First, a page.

Germany's meat industry under fire after COVID-19 outbreaks
The German government is poised to approve better protections for workers in the meat industry. The squalid living quarters and unsafe working conditions aren't new, but COVID-19 has prompted politicians to finally act.
Rebecca Staudenmaier, Deutsche Welle (Germany)
Following coronavirus outbreaks at several German meatpacking facilities, Germany's labor minister is leading the charge to give more protections to workers — in a plan that could radically change the way Germany's meat industry operates.
The German government's "Coronavirus Cabinet" is due to meet on Wednesday to decide on Labor Minister Hubertus Heil's proposals to improve oversight in the industry and protections for workers — including making companies directly responsible for their workers and raising fines for safety violations to €30,000 ($32,800).
Heil, a member of the center-left Social Democrats (SPD), has particularly taken aim at what he termed the industry's "dubious contract structures with subcontractors" and is pushing for an outright ban on such types of labor arrangements.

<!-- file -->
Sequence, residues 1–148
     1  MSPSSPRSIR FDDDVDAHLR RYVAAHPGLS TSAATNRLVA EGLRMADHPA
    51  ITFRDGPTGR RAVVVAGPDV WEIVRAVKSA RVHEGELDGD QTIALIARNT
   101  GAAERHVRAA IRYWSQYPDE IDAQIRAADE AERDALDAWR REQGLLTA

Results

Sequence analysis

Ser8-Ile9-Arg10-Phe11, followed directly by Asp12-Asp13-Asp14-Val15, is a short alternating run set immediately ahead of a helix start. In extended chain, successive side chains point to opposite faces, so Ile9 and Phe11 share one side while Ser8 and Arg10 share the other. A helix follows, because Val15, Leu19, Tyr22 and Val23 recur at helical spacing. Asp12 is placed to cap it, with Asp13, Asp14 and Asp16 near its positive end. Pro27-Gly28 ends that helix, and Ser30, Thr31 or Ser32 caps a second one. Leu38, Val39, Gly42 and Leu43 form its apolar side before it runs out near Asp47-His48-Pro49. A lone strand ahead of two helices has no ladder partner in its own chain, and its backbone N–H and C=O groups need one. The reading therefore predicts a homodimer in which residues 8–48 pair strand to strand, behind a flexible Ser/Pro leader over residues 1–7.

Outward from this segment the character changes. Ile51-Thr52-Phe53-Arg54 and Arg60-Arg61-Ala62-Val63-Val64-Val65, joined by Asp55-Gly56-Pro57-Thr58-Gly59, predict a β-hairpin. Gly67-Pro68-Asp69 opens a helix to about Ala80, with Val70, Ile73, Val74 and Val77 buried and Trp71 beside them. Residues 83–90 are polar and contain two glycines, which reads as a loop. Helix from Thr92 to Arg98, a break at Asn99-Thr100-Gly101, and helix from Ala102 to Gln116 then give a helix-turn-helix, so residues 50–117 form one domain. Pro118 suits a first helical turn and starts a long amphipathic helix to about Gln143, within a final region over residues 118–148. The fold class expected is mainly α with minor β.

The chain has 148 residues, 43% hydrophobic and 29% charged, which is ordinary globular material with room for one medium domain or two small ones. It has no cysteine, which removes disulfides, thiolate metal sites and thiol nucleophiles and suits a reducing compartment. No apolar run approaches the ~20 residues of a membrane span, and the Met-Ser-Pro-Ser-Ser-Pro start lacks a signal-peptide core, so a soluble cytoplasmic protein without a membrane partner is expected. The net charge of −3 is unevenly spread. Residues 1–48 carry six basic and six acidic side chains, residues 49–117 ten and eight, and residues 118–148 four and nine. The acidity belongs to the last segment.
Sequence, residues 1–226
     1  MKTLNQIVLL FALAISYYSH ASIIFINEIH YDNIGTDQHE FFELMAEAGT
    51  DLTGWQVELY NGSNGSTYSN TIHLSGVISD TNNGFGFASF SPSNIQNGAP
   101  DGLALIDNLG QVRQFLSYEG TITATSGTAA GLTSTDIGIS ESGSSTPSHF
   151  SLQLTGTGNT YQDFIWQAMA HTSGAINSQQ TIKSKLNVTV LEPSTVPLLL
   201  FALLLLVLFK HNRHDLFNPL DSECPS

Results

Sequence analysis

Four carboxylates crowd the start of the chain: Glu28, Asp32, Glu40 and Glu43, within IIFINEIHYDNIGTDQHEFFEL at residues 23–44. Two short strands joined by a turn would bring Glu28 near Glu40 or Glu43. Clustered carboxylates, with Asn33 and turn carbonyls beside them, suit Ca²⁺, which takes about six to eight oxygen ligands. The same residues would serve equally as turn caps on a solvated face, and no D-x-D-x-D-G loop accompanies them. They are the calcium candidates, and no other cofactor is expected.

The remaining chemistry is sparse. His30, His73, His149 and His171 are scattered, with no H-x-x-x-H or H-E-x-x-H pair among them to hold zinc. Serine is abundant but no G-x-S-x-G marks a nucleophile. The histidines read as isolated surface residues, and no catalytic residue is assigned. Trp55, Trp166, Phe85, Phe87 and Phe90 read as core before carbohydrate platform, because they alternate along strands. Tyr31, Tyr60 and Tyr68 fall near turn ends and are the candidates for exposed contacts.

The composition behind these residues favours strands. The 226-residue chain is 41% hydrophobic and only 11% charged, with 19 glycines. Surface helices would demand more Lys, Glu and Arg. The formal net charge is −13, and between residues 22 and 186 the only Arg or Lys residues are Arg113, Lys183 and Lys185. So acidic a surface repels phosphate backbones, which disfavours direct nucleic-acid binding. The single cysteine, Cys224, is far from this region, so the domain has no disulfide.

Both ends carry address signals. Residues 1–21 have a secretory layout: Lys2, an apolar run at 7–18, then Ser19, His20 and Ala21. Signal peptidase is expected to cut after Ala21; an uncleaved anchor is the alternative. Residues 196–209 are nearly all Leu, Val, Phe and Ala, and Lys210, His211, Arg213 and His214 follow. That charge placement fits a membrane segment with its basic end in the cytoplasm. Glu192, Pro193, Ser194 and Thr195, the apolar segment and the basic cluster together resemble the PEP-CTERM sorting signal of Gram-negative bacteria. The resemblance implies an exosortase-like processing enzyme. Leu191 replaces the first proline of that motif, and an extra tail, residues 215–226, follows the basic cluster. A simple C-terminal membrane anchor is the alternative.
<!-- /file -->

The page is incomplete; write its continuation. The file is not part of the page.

"This type of sub-subcontracting is the root of evil — because responsibility is passed off, because worker's rights are violated, because wages are cut," Heil said last week in an address to the Bundestag, Germany’s parliament.
Those plans have bumped up against resistance with Chancellor Angela Merkel's conservatives in the coalition government. A final decision on the plans was expected Monday but was pushed back several days for more talks.
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